As a result, Twilight Falls On Liberalism never directly confronts the increasingly popular idea that liberalism is failing simply because its bedrock, the free market, is reneging on its promises to more and more people. Mukherjee skirts this argument. He says, towards the end of the essay, that “Power often renders reason spastic and freedom inconsequential.” Yet it seems much more confident describing this corruption as a thing of the past than as an ongoing crisis. While it articulates the conditions of liberalism’s early recourse to white supremacy – the moral justification for imperialism – Mukherjee does not entertain the more damning notion that the primary appeal of liberalism was always its usefulness in rationalising structural inequality: today’s neoliberalism, in other words, is yesterday’s colonialism.

I was taken aback to read Mukherjee’s assertion that along with the financial collapse of 2008-09, the primary reason for the endangerment of liberalism in the West and in India was “the rise of Islamic fundamentalism.” The idea that the perpetuation of the surveillance state and the rise of inflammatory anti-refugee and anti-Muslim sentiment was inevitable after the militant bombings and attacks of the early 2000s is unnervingly ahistorical. Worse, this clash-of-civilisations view neutralises Mukherjee’s whole case for liberalism as a rational political choice. Are we to assume that if brutes in Asia resent it so fundamentally, the whites must have been right about it being the sole preserve of reasonable Europeans in the first place?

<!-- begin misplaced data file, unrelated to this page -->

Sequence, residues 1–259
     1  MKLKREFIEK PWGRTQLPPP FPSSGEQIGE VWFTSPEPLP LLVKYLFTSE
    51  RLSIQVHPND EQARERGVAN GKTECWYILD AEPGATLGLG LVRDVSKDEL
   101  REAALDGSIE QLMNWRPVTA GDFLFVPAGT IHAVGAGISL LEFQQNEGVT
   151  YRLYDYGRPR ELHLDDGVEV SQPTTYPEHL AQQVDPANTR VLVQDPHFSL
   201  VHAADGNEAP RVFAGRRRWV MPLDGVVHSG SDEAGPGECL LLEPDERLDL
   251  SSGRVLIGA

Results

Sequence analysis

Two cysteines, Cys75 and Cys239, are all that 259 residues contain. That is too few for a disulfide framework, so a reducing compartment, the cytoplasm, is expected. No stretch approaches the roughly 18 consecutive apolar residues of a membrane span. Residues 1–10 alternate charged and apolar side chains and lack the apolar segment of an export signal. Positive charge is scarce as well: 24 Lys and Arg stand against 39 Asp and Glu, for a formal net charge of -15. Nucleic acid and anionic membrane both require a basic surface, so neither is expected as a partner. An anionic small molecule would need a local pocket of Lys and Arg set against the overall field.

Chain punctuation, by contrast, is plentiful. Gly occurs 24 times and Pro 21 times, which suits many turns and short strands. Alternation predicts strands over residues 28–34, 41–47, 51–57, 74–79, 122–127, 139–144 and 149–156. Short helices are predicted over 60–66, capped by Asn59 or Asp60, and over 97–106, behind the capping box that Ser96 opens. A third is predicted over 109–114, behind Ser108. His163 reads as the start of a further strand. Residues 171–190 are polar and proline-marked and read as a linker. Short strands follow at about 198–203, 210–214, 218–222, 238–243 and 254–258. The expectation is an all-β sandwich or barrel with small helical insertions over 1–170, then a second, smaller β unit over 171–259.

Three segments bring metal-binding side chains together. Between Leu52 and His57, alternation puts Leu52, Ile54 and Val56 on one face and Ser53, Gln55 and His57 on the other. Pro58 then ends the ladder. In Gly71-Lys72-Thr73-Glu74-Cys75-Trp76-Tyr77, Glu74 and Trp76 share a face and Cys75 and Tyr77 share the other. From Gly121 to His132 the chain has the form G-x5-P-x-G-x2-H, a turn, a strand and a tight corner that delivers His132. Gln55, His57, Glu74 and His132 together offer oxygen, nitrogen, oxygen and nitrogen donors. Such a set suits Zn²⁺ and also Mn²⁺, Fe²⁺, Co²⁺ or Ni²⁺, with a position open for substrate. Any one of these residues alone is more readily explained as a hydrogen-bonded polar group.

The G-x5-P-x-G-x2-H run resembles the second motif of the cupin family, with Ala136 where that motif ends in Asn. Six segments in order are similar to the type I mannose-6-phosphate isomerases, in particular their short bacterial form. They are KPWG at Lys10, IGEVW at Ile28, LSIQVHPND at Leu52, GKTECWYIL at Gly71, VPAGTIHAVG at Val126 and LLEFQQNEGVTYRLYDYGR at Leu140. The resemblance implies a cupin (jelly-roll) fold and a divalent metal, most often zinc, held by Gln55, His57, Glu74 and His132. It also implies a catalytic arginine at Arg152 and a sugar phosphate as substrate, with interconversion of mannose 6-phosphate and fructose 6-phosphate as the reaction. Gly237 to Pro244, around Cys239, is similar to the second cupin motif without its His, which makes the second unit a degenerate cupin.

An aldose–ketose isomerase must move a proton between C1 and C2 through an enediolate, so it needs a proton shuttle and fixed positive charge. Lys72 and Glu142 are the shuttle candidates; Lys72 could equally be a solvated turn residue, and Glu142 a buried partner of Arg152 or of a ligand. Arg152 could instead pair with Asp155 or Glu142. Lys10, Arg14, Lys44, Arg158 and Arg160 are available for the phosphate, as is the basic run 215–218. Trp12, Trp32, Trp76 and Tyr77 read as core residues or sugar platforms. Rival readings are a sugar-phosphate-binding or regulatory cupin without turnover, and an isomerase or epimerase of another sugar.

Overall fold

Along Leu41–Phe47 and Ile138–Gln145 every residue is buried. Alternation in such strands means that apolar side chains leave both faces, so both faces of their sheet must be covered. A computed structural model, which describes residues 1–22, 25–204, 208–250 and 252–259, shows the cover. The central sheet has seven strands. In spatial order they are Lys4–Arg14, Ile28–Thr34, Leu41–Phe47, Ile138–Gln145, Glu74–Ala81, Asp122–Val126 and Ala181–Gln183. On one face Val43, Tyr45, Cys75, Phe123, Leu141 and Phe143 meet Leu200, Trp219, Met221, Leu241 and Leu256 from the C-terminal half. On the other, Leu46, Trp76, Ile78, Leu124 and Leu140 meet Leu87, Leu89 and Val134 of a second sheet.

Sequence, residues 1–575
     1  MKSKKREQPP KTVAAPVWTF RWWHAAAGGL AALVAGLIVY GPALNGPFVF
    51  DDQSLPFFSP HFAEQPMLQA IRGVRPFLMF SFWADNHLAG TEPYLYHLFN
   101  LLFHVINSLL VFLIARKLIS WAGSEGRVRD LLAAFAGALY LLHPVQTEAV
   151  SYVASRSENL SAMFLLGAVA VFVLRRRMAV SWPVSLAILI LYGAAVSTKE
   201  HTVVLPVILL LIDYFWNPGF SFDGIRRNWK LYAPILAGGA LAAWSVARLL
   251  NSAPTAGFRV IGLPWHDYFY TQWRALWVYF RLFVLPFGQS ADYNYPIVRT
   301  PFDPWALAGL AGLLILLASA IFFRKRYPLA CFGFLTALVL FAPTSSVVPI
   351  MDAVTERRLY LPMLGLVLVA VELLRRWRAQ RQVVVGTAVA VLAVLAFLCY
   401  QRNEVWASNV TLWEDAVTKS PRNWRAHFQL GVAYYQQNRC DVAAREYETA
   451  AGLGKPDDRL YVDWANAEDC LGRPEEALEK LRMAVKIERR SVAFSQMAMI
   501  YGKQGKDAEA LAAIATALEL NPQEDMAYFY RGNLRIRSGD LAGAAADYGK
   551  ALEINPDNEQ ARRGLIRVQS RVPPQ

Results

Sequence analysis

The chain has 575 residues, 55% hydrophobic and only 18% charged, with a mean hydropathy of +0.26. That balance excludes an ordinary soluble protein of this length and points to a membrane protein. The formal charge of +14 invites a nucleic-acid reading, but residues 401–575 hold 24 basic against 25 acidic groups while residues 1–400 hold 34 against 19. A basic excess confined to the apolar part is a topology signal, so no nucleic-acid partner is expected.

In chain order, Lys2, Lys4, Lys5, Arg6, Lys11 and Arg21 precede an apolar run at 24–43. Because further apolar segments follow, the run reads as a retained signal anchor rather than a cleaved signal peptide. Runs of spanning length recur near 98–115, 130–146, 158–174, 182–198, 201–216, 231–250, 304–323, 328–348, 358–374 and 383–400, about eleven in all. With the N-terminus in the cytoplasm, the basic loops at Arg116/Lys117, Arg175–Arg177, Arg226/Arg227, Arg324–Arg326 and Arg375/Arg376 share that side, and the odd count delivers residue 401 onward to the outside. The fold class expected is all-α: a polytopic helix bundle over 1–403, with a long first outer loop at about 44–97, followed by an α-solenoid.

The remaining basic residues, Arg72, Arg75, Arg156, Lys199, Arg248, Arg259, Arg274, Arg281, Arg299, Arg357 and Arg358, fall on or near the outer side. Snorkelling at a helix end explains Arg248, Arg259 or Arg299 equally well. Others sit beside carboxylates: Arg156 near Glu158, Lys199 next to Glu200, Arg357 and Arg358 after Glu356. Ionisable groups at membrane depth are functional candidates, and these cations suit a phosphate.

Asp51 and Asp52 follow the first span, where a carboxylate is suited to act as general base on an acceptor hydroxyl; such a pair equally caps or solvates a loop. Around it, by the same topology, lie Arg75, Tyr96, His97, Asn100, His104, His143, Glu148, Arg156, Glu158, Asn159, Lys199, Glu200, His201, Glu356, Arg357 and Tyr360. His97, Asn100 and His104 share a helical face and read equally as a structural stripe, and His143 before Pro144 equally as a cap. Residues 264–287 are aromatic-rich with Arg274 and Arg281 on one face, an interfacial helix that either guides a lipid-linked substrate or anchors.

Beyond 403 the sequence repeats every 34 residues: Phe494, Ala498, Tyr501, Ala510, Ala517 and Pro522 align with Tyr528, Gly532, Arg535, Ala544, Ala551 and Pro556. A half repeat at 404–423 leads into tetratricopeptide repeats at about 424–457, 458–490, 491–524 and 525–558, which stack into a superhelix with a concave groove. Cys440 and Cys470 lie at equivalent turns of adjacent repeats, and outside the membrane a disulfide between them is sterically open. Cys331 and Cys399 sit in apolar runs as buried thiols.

Missing the key questions

This persistent sidelining of key questions and principal causes is a useful tactic in a twitter argument, but seems frustrating and misplaced in a purportedly serious inquiry. Forty years ago, Margaret Thatcher popularised the slogan that “there is no alternative”, meaning that the free market was essential to democratic endeavour. Nobody outside Davos has felt this with quite such unshakeable confidence in the decade since the financial collapse of 2008-09. Radicals and their supporters, therefore, are finding the alternatives perfectly thinkable, even desirable.

Rather than locating the germ of this upheaval in some essential flaw in the self-serving man, might it not be more honest to state the problem more narrowly, which is to ask: why does liberalism’s twilight cast a shadow only on its most vulnerable aspects? Why does plutocracy, as they call it in America, or crony capitalism, as we say here, remain unthreatened, even as egalitarianism – the expansive and adaptable liberal vision for humanity – fights for survival?

For it is precisely this aspect of liberal life that now comes in for daily assault. In India, this was the work not only of Nehru – acknowledged by Mukherjee as India’s archetypal liberal – but also of Ambedkar, oppressed-caste thinkers, free-thinkers of minority religions, the parties of the left, and in many ways, that of Gandhi and Tagore. From their struggle emerged one of the most sophisticated propositions of the twentieth century: that a state dedicated to the inalienable liberty of the individual was desirable, but not only for its own sake. It would be meaningless if it was not also committed to the welfare of her social milieu; if it did not make reparations for historical wrongs to the oppressed; if it did not uphold personal freedoms, and protect every citizen from mob rule. If Indian liberalism, with or without Nehru’s imprimatur, cannot stand for these ideas, it’s no wonder that the darkness seems to be closing in.

Twilight Falls On Liberalism, Rudrangshu Mukherjee, Aleph Book Company.